What Should You Know About Celiac Disease?


Do you notice gastrointestinal (GI) effects after consuming gluten-containing products? GI problems that develop after eating gluten, like abdominal pain, bloating, diarrhea, and oily stools, can be signs of celiac disease. Celiac disease is an autoimmune disorder that causes an irregular immune response to the protein in grains referred to as gluten. This immune reaction develops when gluten is consumed, causing unpleasant effects. While there is presently no cure for celiac disease, the gastrointestinal doctors at Connecticut GI can help diagnose and treat celiac disease symptoms. Read on as our Connecticut team explains more about this condition.

How can celiac disease impact the body?

Individuals with celiac disease should seek a proper diagnosis and medical care from a trusted digestive health provider. Celiac disease could cause harm to the body if it is not diagnosed or treated. It can have a lasting impact on the small bowel, where the majority of nutrients are absorbed by the body. When gluten is taken up in the small intestine, it triggers an immune system response. The body then releases a host of antibodies to destroy it. Such antibodies can damage the tissue in the small intestine, which may impair the body’s ability to absorb nutrients from food.

Other potential lasting impacts of celiac disease involve:

  • Scarring or ulcers in the GI tract
  • Heightened risk of cancer in the intestine
  • Liver disease
  • Being immunocompromised
  • Manifestation of new food intolerances

How is celiac disease treated?

Generally, the optimal way to treat celiac disease is to remove gluten from your diet. Once you’ve been tested and diagnosed with celiac disease, you should be able to avoid unpleasant symptoms when you cut out gluten. Eventually, the intestinal lining should heal and once again absorb nutrients. Since there is no known cure for this disease, you may have to maintain a diet free of gluten for life to avoid damaging the small intestine. Treatments that might be helpful for celiac disease include:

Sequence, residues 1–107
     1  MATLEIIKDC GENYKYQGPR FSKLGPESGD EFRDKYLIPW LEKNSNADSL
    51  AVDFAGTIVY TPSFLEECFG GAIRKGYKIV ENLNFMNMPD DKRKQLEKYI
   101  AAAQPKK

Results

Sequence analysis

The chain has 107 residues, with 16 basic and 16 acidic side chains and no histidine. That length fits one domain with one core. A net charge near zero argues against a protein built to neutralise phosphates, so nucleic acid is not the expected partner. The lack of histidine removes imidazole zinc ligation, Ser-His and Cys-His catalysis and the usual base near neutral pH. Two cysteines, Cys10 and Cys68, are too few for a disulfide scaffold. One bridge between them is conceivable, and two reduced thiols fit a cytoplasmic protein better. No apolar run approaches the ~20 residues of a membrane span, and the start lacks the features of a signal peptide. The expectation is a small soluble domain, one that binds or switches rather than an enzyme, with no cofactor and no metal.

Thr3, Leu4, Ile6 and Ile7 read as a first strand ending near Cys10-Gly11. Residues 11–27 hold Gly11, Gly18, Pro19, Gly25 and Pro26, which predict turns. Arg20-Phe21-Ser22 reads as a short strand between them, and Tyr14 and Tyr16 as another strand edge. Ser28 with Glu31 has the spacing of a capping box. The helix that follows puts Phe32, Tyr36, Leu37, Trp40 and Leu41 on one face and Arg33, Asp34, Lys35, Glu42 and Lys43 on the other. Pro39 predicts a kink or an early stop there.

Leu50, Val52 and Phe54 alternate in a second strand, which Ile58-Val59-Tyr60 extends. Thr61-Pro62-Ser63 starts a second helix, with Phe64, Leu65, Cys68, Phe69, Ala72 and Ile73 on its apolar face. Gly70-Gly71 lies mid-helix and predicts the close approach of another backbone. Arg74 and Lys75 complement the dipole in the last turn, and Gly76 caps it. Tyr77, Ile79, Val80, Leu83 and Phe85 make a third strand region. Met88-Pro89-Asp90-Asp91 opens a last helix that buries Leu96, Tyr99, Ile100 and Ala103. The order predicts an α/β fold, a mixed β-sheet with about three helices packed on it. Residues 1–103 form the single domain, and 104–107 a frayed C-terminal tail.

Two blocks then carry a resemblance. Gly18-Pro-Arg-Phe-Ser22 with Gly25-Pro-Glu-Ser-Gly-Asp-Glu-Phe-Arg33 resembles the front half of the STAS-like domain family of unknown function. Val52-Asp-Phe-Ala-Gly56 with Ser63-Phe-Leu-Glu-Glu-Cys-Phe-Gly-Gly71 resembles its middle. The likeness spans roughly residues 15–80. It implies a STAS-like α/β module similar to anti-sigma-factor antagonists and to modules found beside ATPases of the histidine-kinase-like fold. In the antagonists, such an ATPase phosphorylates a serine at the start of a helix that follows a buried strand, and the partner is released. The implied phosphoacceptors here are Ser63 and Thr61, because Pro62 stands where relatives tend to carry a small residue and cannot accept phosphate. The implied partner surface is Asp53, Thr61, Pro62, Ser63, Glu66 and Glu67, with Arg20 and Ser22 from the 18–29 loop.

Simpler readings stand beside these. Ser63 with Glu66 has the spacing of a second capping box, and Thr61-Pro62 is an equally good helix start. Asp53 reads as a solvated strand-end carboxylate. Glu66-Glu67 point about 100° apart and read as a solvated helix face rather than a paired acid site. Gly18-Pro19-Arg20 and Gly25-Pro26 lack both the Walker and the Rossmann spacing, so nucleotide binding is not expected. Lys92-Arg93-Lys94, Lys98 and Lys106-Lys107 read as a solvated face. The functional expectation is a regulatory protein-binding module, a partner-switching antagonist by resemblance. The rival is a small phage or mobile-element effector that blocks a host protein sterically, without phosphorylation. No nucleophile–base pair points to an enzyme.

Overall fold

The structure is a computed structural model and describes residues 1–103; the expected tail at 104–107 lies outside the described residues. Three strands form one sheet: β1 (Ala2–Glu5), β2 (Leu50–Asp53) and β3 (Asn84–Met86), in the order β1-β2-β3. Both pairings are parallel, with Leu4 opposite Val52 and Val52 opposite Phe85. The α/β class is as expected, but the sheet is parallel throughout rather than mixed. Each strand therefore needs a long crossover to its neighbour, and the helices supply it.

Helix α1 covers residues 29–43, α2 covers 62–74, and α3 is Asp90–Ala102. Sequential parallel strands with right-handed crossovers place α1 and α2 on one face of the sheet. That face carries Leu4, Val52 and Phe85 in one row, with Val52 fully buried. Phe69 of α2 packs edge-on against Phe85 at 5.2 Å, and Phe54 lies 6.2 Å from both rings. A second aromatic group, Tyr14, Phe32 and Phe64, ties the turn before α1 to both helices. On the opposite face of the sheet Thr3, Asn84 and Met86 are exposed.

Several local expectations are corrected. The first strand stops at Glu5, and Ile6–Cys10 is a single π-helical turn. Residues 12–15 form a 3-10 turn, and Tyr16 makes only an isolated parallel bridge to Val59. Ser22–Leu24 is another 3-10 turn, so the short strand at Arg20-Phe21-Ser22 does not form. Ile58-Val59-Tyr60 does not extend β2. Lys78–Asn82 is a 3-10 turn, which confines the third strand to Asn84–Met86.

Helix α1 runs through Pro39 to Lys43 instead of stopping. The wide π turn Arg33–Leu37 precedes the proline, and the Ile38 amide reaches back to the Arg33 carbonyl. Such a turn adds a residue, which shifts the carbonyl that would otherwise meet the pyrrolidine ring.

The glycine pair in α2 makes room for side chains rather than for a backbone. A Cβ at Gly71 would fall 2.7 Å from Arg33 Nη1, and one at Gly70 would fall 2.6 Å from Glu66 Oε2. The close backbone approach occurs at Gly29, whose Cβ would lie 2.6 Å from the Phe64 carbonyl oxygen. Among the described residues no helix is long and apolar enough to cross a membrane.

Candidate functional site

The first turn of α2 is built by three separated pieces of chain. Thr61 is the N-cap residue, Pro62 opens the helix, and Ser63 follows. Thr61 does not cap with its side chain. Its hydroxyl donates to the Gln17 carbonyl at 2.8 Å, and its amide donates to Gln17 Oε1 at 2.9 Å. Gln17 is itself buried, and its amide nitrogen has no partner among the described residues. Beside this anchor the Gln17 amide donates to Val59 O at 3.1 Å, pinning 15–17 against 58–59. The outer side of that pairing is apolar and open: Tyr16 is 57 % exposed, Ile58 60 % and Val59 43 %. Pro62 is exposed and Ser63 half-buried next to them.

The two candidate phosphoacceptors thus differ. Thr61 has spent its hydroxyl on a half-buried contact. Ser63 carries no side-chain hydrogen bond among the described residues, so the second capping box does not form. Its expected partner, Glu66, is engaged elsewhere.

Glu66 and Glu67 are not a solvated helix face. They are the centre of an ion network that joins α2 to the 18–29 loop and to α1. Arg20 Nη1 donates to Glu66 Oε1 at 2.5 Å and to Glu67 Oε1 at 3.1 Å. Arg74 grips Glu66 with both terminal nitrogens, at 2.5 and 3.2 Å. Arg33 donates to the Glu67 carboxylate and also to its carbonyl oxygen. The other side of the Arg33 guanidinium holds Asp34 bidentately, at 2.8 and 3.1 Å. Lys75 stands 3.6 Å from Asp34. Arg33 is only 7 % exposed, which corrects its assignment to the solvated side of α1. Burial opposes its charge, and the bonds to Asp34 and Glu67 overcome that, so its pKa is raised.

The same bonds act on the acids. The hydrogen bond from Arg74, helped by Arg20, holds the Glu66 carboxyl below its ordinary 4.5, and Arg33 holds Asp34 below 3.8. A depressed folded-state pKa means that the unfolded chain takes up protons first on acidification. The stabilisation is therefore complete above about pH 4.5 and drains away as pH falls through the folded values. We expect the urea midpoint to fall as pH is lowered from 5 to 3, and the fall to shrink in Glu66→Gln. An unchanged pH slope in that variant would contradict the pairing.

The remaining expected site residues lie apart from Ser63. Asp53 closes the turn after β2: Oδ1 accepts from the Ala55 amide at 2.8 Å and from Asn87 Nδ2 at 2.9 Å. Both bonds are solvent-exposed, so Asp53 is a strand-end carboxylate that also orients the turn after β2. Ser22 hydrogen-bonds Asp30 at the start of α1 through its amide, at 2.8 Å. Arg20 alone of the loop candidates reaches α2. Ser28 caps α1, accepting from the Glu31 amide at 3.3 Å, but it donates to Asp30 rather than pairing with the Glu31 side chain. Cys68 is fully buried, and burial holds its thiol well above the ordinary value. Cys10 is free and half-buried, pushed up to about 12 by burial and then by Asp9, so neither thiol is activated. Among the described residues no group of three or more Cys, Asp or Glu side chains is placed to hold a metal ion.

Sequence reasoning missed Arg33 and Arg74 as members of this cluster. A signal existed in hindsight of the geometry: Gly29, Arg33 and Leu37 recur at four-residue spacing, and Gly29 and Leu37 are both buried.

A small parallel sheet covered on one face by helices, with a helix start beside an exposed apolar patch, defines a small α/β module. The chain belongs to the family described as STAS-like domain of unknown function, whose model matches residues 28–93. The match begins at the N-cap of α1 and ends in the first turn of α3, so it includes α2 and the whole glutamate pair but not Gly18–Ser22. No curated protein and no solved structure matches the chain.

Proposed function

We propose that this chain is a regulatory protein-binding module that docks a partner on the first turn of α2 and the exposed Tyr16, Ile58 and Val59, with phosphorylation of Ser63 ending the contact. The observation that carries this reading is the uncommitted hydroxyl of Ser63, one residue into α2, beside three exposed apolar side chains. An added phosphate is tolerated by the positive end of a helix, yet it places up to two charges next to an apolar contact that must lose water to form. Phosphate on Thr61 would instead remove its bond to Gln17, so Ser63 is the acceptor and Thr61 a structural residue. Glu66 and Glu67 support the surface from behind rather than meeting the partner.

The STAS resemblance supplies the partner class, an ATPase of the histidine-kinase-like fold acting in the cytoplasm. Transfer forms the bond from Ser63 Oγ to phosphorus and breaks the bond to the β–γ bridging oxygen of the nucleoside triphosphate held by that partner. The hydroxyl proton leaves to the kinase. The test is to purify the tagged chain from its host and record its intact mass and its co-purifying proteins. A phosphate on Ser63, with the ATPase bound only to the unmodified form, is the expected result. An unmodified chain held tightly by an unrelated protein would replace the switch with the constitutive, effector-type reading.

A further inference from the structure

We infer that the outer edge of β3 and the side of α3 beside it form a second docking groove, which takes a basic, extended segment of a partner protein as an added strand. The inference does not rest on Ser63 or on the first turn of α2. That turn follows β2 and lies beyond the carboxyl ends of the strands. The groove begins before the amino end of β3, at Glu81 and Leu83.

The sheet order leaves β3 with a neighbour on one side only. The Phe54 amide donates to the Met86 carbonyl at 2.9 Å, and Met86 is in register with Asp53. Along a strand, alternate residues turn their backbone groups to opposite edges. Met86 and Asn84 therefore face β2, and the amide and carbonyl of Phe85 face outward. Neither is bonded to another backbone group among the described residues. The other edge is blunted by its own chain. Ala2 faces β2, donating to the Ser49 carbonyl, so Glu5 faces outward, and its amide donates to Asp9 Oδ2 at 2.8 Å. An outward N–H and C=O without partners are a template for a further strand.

• Corticosteroids
  • Medication
  • Supplements
  • A good follow-up care routine

If you are looking for celiac disease treatment in Connecticut, the team of gastrointestinal doctors at Connecticut GI can help. Even though treatment for celiac disease largely centers on a gluten-free diet, it is crucial to receive a celiac disease diagnosis prior to cutting out gluten entirely to determine if it has an impact on you.

Celiac disease vs. gluten intolerance: Is there a difference?

To many individuals, celiac disease and gluten intolerance might seem alike. Both lead to uncomfortable gastrointestinal symptoms after consuming gluten. However, the similarities stop there. As previously mentioned, celiac disease is known to cause an atypical response in the body that can have a negative impact on the digestive tract over time. While gluten intolerance is uncomfortable, it does not cause long-term harm to the GI tract. Gluten intolerance can most often be alleviated by supplementing digestive enzymes that can minimize symptoms. Symptoms of gluten intolerance and celiac disease are very similar; therefore, if you have symptoms after eating gluten, you should see a gastroenterologist to determine which GI condition you have.

Find support for celiac disease in Connecticut

At Connecticut GI, our team is passionate about raising celiac disease awareness. Every 1 in every 133 individuals is diagnosed with celiac disease. Celiac disease can completely change how you live, but typically in a favorable way. By removing gluten from your diet, your body can heal from the damage caused by this protein. As your body heals, your risk of experiencing any long-term effects diminishes. To request a consultation, get in touch with a Connecticut GI location near you. You can relax under the care of our board-certified gastroenterologists, who can help preserve your digestive health.

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